As fears of a recession grow, six tips for building your emergency fund

Recession: The word has started to surface again in comments from economists as stocks tumble and central banks around the world raise interest rates to fight runaway inflation. While experts disagree on the likelihood of another downturn in the next two years, the pressing question for your personal economy is: do you have an emergency fund?

A cash cushion is essential to mitigate any impact on your income in the event of an economic crisis. Saving for a rainy day requires an income that will cover more than the basic necessities. Not surprisingly, households earning less than $40,000 are less likely to have money in reserve.

At the other end of the spectrum are the lucky Canadians who have collectively racked up an estimated $300 billion in additional savings by keeping their jobs and lowering their spending while cooped up at home for much of the pandemic. .

But if you fall somewhere in between these two groups — you have a decent income but little or no emergency savings — you should start building or boosting your financial rescue fund right away, experts say.

Here are some tips to help you get started:

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Try to match your largest expense at the start. The classic recommendation, in terms of how much to save, is to aim for between three and six months of living expenses. If you’re just starting out, however, this goal can seem daunting. Instead, Zainab Williams, financial planner at Elleverity Wealth Management, suggested focusing on matching your biggest monthly expenses first. For most people, she added, it’s the rent or the mortgage payment.

Once you hit that first threshold, Ms. Williams said, your next step is to double that amount. Then move on to the traditional three to six month goal.

Keep cash separate but easily accessible. Keep your emergency savings in cash and separate from your daily checking account, said Alyssa Davies, founder of popular Canadian personal finance website Mixed Up Money and author of Financial first aid.

Ms. Davies suggested choosing a savings account with a competitive interest rate for this purpose. This could be at a different financial institution than where you do your day-to-day banking, but make sure you can access funds quickly if needed. An electronic transfer to yourself can be a faster way to transfer money than a traditional bank transfer, she noted.

Payments: Automate them and start small. Once you know how much to aim for and where to save, automate regular deposits into your emergency fund. If you’re struggling to set aside hundreds of dollars a month, Davies suggested starting small. “Reduce the amount you save and increase the number of contributions,” she says.

It can help to set up small transfers as often as once a day for each working day, she added. “If I make $100 a day, how much can I afford to give up to go towards my savings? Is it $1, $3 or $5? »

Find other ways to generate money. Taking a side gig can help you save faster and also mitigate financial risk during a recession by diversifying your sources of income, Ms. Williams explained. Configure your extra income to go directly into your emergency fund, she added.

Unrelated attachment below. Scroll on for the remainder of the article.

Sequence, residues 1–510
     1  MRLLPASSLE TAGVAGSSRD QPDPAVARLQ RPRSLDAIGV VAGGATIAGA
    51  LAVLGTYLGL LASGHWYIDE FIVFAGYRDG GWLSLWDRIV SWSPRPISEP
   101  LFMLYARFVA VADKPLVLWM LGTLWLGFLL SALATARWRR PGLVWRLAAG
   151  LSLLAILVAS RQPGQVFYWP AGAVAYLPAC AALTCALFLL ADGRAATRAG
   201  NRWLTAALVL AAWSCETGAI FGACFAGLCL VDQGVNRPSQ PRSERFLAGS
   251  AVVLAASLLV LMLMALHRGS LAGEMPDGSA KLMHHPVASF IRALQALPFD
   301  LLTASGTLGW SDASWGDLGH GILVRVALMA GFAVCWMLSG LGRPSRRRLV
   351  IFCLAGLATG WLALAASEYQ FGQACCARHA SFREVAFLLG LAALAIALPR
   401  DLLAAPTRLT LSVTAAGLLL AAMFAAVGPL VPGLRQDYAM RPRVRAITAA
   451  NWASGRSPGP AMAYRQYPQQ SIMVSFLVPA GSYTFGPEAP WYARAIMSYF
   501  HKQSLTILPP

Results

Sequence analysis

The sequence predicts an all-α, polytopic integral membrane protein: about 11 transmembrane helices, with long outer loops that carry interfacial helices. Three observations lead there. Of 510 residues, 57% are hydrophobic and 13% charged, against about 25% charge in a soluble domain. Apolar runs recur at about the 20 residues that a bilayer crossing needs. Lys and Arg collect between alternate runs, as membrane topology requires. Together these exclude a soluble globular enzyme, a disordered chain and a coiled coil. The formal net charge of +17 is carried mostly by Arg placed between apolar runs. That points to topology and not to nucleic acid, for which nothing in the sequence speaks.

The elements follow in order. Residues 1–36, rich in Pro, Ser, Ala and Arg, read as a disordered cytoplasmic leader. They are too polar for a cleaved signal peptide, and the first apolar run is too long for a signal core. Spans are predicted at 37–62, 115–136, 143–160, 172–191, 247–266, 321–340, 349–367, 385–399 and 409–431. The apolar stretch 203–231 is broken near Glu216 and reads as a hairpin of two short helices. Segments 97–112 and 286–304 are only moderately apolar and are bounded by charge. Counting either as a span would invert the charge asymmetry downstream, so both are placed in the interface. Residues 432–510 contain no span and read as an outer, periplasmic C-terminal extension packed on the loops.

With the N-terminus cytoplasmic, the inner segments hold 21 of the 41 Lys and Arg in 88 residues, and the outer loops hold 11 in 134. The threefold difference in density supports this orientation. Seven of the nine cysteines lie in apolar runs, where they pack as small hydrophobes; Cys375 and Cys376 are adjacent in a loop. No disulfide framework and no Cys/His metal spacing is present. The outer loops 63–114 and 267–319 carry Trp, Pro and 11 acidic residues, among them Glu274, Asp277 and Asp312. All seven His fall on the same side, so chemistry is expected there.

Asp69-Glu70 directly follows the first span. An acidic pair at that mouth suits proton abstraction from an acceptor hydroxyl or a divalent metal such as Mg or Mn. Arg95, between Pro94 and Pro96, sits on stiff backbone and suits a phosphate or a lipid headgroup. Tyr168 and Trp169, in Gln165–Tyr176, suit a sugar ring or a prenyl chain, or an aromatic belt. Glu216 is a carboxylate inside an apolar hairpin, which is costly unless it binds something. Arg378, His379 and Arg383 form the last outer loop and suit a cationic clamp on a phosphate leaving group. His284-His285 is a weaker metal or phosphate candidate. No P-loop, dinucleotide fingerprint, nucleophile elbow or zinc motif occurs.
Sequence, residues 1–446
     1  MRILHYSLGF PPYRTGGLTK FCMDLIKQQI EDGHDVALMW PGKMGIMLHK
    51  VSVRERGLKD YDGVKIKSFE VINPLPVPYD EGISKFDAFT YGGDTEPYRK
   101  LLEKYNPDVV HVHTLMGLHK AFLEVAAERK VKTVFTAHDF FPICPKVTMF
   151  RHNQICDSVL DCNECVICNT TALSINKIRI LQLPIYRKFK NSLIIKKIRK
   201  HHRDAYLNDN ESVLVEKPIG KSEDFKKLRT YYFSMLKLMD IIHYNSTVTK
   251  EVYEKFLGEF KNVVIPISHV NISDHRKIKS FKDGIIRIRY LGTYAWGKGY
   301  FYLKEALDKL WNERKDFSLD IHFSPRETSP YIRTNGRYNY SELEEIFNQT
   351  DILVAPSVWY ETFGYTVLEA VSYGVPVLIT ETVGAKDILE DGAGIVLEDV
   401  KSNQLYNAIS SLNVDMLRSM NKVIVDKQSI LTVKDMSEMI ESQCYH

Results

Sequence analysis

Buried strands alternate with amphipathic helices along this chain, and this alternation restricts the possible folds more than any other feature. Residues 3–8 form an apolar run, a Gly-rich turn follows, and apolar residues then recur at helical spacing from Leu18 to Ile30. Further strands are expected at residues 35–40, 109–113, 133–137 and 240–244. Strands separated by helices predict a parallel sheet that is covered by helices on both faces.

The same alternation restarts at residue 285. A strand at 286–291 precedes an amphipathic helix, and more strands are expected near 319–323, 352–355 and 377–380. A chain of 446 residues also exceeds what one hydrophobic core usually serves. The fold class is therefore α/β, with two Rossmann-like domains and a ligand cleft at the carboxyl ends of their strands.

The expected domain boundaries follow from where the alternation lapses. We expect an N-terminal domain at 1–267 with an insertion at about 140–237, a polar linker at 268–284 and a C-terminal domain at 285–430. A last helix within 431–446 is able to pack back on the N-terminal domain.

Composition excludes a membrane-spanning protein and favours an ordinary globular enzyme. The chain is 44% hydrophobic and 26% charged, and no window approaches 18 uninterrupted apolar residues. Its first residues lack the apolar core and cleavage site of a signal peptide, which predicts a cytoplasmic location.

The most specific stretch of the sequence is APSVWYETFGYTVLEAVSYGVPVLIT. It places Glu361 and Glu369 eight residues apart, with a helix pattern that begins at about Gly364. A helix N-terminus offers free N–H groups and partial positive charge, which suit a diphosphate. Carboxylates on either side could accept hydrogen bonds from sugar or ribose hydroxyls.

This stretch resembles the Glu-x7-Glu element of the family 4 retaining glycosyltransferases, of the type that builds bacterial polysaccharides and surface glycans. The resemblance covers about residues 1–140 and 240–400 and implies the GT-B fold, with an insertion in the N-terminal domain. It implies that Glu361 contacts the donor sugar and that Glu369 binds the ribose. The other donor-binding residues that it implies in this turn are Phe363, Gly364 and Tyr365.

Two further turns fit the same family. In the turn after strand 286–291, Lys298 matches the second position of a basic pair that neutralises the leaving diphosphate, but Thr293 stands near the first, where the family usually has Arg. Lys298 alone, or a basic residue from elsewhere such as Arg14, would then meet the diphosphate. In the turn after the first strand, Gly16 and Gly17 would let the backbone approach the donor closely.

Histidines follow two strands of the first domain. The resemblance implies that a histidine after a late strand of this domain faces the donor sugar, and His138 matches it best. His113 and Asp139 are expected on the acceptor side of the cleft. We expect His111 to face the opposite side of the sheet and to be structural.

Decluttering your home can be another way to help fill your rainy day fund, she noted. Online platforms like Facebook Marketplace make it easy to find buyers for everything from gently used furniture to clothes that no longer fit.

Own a house? Establish a separate “sinking fund”. Emergencies happen, including when you’re building your emergency fund. Don’t be surprised if the process of building your financial safety net feels like a “two steps forward, one step back” dance, Davies said.

Yet if you’re a homeowner, you’re even more likely to face unexpected expenses on a regular basis. Ms Davies suggested tackling the problem by having at least two separate rainy day funds: one for urgent home repairs and one to help you through a period of unemployment. This way you won’t have to loot your unemployment slush fund when the furnace breaks.

Emergency funds vs lines of credit. Lines of credit are best kept as a financial resource of last resort, Ms. Williams said. Being able to tap into a line of credit — which typically offers relatively inexpensive, flexible borrowing — can come in handy if your emergency fund isn’t enough, she said.

But viewing a line of credit as your only fallback option is risky, she warned. “The ideal situation is that you never touch the line of credit and always have it in your back pocket,” she said.

Keep in mind that lines of credit have variable interest rates, which means your borrowing costs will likely increase if the Bank of Canada raises its benchmark interest rate, as it has done in the past. twice this year and should continue to do so for several more months.

Lenders may also, at their discretion, increase your interest rate, reduce your borrowing limit or require you to repay your outstanding balance at any time. And while it’s unusual for banks and other financial institutions to change your credit agreement — and if they do, they must provide notice — it becomes a higher risk during a recession.

Are you a young Canadian with money on your mind? To set you up for success and avoid costly mistakes, listen to our award-winning Stress Test podcast.

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